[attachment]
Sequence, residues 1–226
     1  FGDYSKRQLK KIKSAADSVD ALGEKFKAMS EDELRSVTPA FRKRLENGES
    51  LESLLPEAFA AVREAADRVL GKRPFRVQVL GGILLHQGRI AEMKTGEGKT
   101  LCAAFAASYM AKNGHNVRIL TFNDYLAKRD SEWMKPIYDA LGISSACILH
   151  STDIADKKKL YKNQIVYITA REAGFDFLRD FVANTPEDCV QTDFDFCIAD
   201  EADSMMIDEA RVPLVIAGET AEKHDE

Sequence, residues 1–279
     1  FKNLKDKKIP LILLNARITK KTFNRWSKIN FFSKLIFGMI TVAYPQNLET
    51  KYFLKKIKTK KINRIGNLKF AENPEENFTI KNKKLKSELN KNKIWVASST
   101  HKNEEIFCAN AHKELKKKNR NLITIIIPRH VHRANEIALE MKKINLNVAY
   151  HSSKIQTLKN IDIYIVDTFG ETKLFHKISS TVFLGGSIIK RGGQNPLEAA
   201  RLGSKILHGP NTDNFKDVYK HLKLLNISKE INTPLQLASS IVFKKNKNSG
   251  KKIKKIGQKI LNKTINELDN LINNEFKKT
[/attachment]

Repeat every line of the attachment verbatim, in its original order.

Sequence, residues 1–226
     1  FGDYSKRQLK KIKSAADSVD ALGEKFKAMS EDELRSVTPA FRKRLENGES
    51  LESLLPEAFA AVREAADRVL GKRPFRVQVL GGILLHQGRI AEMKTGEGKT
   101  LCAAFAASYM AKNGHNVRIL TFNDYLAKRD SEWMKPIYDA LGISSACILH
   151  STDIADKKKL YKNQIVYITA REAGFDFLRD FVANTPEDCV QTDFDFCIAD
   201  EADSMMIDEA RVPLVIAGET AEKHDE

Sequence, residues 1–279
     1  FKNLKDKKIP LILLNARITK KTFNRWSKIN FFSKLIFGMI TVAYPQNLET
    51  KYFLKKIKTK KINRIGNLKF AENPEENFTI KNKKLKSELN KNKIWVASST
   101  HKNEEIFCAN AHKELKKKNR NLITIIIPRH VHRANEIALE MKKINLNVAY
   151  HSSKIQTLKN IDIYIVDTFG ETKLFHKISS TVFLGGSIIK RGGQNPLEAA
   201  RLGSKILHGP NTDNFKDVYK HLKLLNISKE INTPLQLASS IVFKKNKNSG
   251  KKIKKIGQKI LNKTINELDN LINNEFKKT